In the latest EV sector report, the EV kingpin, Tesla Inc. (NASDAQ:TSLA), has cemented its credentials as one of the few electric vehicle manufacturers ready to challenge the ICE hegemony.
According to a report by the Korea Automotive Technology Institute (KAII), global EV sales have exceeded 3 million units in the first three quarters of 2021, a run rate that puts it on course to break 4 million units a year for the first time ever.
BloombergNEF is even more optimistic and expects global sales of electric passenger vehicles this year to clock in at 5.6 million units, good for an impressive 8% of new vehicle sales.
Wedbush Securities forecasts that Tesla alone could grab up to 50% of the $5-trillion EV market in the coming years, with the rest of the manufacturers fighting over the remaining scraps.
With that in mind, Wedbush analyst Daniel Ives maintains his "Outperform" rating, raising his price target on Tesla from $1,100 to $1,400 per share. But Ives "bull case" is $1,800.
While Tesla has been busy trying to corner the Chinese market–quite successfully–Wedbush estimates that from 2022 onwards, China will be worth $400 per share for Tesla.
On a company basis, Tesla remains the most popular model after moving 625,624 units in the third quarter, 51% more than second-placed China's SAIC Motor, which sold 413,037 units; Volkswagen 287,852 units; and China's BYD Corp. (NYSE:BYD) with 189,751 units.
Tesla has definitely established a strong head start on the competition in the EV market that ICE incumbents as well as newer pure-play EV upstarts will have a hard time catching up to.
Keep an Eye on China
Tesla stock rallied further Monday after Musk tweeted about the launch of the Model S Plaid in China for mid-2022.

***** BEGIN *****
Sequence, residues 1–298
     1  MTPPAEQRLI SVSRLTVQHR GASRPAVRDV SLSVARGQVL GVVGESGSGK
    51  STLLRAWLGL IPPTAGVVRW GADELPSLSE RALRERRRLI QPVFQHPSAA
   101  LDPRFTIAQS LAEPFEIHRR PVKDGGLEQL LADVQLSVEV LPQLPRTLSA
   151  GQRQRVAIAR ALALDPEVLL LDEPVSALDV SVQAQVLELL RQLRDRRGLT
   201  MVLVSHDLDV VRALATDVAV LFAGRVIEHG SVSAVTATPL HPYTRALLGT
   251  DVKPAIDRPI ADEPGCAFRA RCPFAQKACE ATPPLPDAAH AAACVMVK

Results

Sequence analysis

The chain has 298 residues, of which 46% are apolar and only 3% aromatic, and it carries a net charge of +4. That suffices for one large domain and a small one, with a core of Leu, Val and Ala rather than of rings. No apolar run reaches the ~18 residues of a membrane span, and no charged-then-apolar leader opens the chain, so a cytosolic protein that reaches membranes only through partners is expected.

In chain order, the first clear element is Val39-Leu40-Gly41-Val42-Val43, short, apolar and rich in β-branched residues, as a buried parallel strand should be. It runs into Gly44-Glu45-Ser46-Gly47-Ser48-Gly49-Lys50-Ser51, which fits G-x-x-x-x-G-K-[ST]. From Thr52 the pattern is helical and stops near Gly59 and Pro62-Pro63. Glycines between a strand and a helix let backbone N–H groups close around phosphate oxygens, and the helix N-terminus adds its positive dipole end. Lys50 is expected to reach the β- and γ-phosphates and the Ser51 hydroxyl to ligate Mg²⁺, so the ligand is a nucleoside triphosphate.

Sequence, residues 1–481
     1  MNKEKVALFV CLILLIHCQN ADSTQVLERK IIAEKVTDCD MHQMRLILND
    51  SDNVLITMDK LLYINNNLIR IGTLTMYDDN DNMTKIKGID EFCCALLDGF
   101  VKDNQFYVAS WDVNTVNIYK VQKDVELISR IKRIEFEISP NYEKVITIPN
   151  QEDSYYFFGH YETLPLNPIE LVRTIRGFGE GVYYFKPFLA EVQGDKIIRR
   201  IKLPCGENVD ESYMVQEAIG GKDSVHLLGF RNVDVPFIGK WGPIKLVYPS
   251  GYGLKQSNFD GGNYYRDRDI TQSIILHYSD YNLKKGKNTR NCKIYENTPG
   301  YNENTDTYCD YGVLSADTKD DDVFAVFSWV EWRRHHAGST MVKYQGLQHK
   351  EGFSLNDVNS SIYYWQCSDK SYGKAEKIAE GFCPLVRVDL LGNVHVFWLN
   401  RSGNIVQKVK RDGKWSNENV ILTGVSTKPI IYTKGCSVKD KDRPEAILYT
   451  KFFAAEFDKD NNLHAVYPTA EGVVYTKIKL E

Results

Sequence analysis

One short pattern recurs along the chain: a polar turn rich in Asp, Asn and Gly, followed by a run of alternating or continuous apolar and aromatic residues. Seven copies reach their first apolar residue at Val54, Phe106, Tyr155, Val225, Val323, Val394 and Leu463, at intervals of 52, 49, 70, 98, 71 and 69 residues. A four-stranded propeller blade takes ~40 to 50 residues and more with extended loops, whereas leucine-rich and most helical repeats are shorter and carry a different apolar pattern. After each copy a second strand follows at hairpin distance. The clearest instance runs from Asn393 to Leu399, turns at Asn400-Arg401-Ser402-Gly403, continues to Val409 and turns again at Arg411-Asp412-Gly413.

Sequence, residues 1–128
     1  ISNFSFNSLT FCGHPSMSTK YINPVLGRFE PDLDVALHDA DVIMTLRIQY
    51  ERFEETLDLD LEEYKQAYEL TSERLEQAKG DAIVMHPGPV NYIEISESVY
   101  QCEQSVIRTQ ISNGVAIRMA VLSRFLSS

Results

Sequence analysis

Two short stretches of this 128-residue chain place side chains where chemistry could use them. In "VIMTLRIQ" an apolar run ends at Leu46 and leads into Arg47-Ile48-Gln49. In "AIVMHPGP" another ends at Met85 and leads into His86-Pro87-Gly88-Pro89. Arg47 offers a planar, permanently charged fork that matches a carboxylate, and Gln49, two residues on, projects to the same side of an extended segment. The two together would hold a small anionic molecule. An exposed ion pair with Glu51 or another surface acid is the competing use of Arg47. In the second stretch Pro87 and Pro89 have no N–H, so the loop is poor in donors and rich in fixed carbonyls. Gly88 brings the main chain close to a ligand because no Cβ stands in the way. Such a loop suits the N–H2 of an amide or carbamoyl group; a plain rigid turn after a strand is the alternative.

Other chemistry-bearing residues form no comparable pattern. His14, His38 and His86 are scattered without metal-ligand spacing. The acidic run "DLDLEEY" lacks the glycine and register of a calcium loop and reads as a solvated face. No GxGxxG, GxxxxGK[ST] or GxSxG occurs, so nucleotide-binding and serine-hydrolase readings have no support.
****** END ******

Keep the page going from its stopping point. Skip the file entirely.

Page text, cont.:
"Model S Plaid is sickkkk!!!!" Musk has tweeted."
The $131,100 Model S Plaid features 1,020 horsepower, a 17-inch touchscreen, a steering yoke and has an estimated EPA-rated range of up to 390 miles.
China is the world's largest car market, and it's the key here, with Ives calling it the "linchpin to the overall bull thesis on Tesla".
For Q3, Tesla's China sales were almost half the volume of its U.S. sales … and climbing.
Tesla reported $3.11 billion in EV sales in China for Q3–a figure that represents 48.5% of its $6.41 billion in U.S. sales for the same time period. It's also more than a 41% increase over China sales a year ago.
In January 2020, Tesla delivered its first locally manufactured EVs in China. This year, Tesla started delivering its second model to the Chinese straight from its gigafactory in Shanghai. The Model 3 and Model Y are now the top three EVs in terms of sales in China.
And now it's offering loans in China to spur more sales. Tesla's financial products even include some with zero down payments.
Profitability and Catalysts for 2022
For every quarter of 2021 so far, Tesla has managed to increase its profit margin, largely because of reduced costs and higher sales.
That momentum is expected to continue next year, with intensifying production, demand that is clearly on track to increase and new factories coming on line.
If we see any improvement in supply chains for raw materials next year, Tesla will benefit further.
On Monday, Tesla filed for approval for the first phase of its planned "Gigafactory Texas" in Austin to produce the Model Y.
Tesla will invest $1 billion in the Texas gigafactory, and construction is expected to be completed by the end of this year already. The complex would contain five separate facilities.
It's also building "Gigafactory Berlin" in Germany, which has met with some delays in the environmental approval process.
Even without these catalysts, Tesla is blowing everyone else away.
In terms of volume, the Financial Times suggests that VW is the only carmaker that stands a chance of overtaking Tesla's volume by 2024.
While all other major automakers are on track to significantly scale up their EV offerings, Bernstein, IHS and EV-Volumes.com say they won't come close to Tesla.
Is Apple Really a Threat to Tesla?